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Education as Platform


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Education as Platform

  1. 1. Education as PlatformThe MOOC Experienceand what we can do to make it better Stephen Downes EdgeX – New Delhi March 12, 2012
  2. 2. 1. A bit about MOOC Structure2. Where MOOCs Fail3. Reconceptualizing MOOCs4. Chess Net5. The Budget Game6. The Education Platform
  3. 3. 1. A bit about MOOC Structure
  4. 4. The MOOC Experience
  5. 5. OpenMix of levels – novice and experienced
  6. 6. The network structure
  7. 7. Aggregation – bringing together
  8. 8. The abundance of content• Some analogies: – following football – there are more games in the world than you could possibly watch – recipes – there is more food int eh world than you could possibly eat, more ways of eating food than you could experience in a lifetime – places to visit – the world is vast, ou cannot possibly see everything
  9. 9. Social versus Solo
  10. 10. Success in a MOOC
  11. 11. Self-EducationBates: “They belong philosophically within thecontext of thinkers such as R. H. Tawney, IvanIllich and Paulo Freire, who believed strongly inself-education, as part of their broader socialistviews on equality, the need to open access toknowledge, and to educate the workers in orderto break the existing hegemony, etc.”
  12. 12. Knowledge as GrownThere is a contrastbetween knowledge assomething that isacquired, ingested, retained, remembered, andknowledge that issomething that is grownas a response toexperience rather thanas a representation of it
  13. 13. 2. Where MOOCs Fail
  14. 14. The Bootstrap Problem
  15. 15. Navigation
  16. 16. Size versus ConnectednessLisa Chamberlin and Tracy Parish
  17. 17. Elitism
  18. 18. Effectiveness• What is learning if it isn’t learning content? How can we assess it, credentialize it?
  19. 19. 3. Reconceptualizing MOOCs
  20. 20. Open• everybody can participate – but more importantly, there are many ways to participate – ‘open’ means being able to watch – ‘open’ means being able to participate at your own level – ‘open’ means participating publicly, so others can watch
  21. 21. Online• means that it is connective, interactive• You can’t put a MOOC on a DVD• The MOOC is the process• It is a process that is greatly aided by being online – many tasks are automated, scaffolded – much greater communicative capacity – more access to data, calculations
  22. 22. Connective• To the extent that a MOOC is about content, the MOOC fails – it’s like confusing the learning of a game, or the playing of a game with memorizing the rules of a game – it’s like confusing enjoying food and knowing how to cook with the memorization of recipes – it’s like confusing the experience of travel with knowing where things are on a map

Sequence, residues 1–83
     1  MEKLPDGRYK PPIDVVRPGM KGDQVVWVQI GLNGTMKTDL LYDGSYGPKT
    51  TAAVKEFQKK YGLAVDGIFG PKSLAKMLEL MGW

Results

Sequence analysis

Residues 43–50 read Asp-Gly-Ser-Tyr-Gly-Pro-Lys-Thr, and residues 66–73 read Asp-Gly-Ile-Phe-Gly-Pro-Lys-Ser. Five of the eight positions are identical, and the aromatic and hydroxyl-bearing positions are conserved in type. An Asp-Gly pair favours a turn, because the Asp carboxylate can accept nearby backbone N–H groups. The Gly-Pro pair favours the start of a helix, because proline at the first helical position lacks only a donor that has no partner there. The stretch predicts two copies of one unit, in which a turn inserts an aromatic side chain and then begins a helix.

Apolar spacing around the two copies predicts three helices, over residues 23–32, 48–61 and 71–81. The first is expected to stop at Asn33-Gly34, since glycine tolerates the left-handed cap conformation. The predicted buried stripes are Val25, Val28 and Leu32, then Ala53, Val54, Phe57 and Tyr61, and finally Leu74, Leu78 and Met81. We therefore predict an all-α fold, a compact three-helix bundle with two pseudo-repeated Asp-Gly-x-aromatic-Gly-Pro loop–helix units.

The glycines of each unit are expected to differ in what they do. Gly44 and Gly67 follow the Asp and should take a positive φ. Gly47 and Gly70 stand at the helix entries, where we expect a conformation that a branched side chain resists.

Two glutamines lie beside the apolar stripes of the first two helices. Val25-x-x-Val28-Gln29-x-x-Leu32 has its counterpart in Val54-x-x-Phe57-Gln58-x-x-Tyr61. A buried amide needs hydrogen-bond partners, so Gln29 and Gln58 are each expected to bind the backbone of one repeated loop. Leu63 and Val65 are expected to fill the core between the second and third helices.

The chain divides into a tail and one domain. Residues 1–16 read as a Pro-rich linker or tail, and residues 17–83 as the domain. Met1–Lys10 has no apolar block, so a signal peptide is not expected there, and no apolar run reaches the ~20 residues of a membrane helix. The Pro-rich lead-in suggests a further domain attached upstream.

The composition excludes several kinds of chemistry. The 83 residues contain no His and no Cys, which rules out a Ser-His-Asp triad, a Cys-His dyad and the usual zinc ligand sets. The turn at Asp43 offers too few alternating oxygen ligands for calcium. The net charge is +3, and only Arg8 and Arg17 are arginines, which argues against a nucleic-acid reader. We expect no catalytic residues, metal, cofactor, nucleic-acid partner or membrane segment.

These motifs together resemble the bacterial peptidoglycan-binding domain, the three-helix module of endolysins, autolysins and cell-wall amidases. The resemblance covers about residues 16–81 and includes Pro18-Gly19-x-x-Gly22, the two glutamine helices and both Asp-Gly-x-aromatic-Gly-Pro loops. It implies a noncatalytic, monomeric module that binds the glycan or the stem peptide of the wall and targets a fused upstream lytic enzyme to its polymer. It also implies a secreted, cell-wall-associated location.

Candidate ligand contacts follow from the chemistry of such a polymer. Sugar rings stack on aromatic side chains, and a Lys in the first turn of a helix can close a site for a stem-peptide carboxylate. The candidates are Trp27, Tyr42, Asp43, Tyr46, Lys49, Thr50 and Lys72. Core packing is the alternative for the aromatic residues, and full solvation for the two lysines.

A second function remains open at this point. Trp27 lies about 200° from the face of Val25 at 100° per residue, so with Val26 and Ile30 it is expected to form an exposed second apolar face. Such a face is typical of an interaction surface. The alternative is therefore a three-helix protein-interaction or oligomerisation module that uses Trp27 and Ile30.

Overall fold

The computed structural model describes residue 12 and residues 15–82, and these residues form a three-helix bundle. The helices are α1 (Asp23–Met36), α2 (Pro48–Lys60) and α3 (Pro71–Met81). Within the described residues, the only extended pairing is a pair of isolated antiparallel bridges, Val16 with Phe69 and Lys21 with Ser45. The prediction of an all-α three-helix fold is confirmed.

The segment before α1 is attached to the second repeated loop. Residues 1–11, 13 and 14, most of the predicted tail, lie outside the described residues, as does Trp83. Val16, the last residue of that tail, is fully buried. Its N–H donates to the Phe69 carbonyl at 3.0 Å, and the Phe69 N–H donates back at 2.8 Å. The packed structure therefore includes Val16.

23. 23. Restating the Problem• our MOOCs are insufficiently connective, and tend to slip toward an emphasis on content – the form of connectivity – online conversation – is at once too simplistic and too complex – looking for other ways to connect – eg., artwork (a la ds106) or activities/projects (but these have been very poorly defined in our courses)
  24. 24. Rediscovering Process• As we fail to provide process, the courses revert to their old ways – people think the course is about the content – they gravitate toward dependence on the leadership, and away from personal participation• It’s not that we don’t scaffold enough, it’s that there are not opportunities for participants to ‘play’
  25. 25. MOOC, Meet Game• The MOOCs we have offered have been very high level, involving professional presentations and conversations – but what would a MOOC look like for a 10-year old?• My answer: it would look like a game
  26. 26. 4. Chess Net
  27. 27. Searching for Chess Net - 1Chess.net
  28. 28. Searching for Chess Net - 2Chess World
  29. 29. Searching for Chess Net - 3Net-Chess.Com
  30. 30. Searching for Chess Net - 4BabasChess - The Free Internet Chess Client
  31. 31. Searching for Chess Net - 5• European Chess Union•• “introduction of the programme ‘Chess in School’ in the educational systems of the European Union”
  32. 32. 5. The Budget Game
  33. 33. Budget Simulators
  34. 34. Meeting the Challenge
  35. 35. Fixed and OpaqueBudget Simulator
  36. 36. NY Times ‘Solve the Deficit’
  37. 37. What’s Wrong With The Simulators• they try to ‘teach’ – but instead become propaganda• they reduce complex problems to simple fixes
  38. 38. 6. The Education Platform
  39. 39. Critiquing the games
  40. 40. Revisiting the PLE
  41. 41. The Connectors• Things – events, games, arenas, etc., to ‘connect’ individuals with each other – either as plug-ins on individual PLEs, or – as third-party services, like Conversation? Chess game? Simulation?
  42. 42. Language Games
  43. 43. Ladders, Vectors, Networks• Chess and other person-to-person games rank people in ‘ladders’ (people want to ran schools this way too)• One way to think of a network is as a multidimensional ladder• Ranking is therefore ‘position’ in a network
  44. 44. The Paucity of Badges
  45. 45. The Emptiness of Analytics
  46. 46.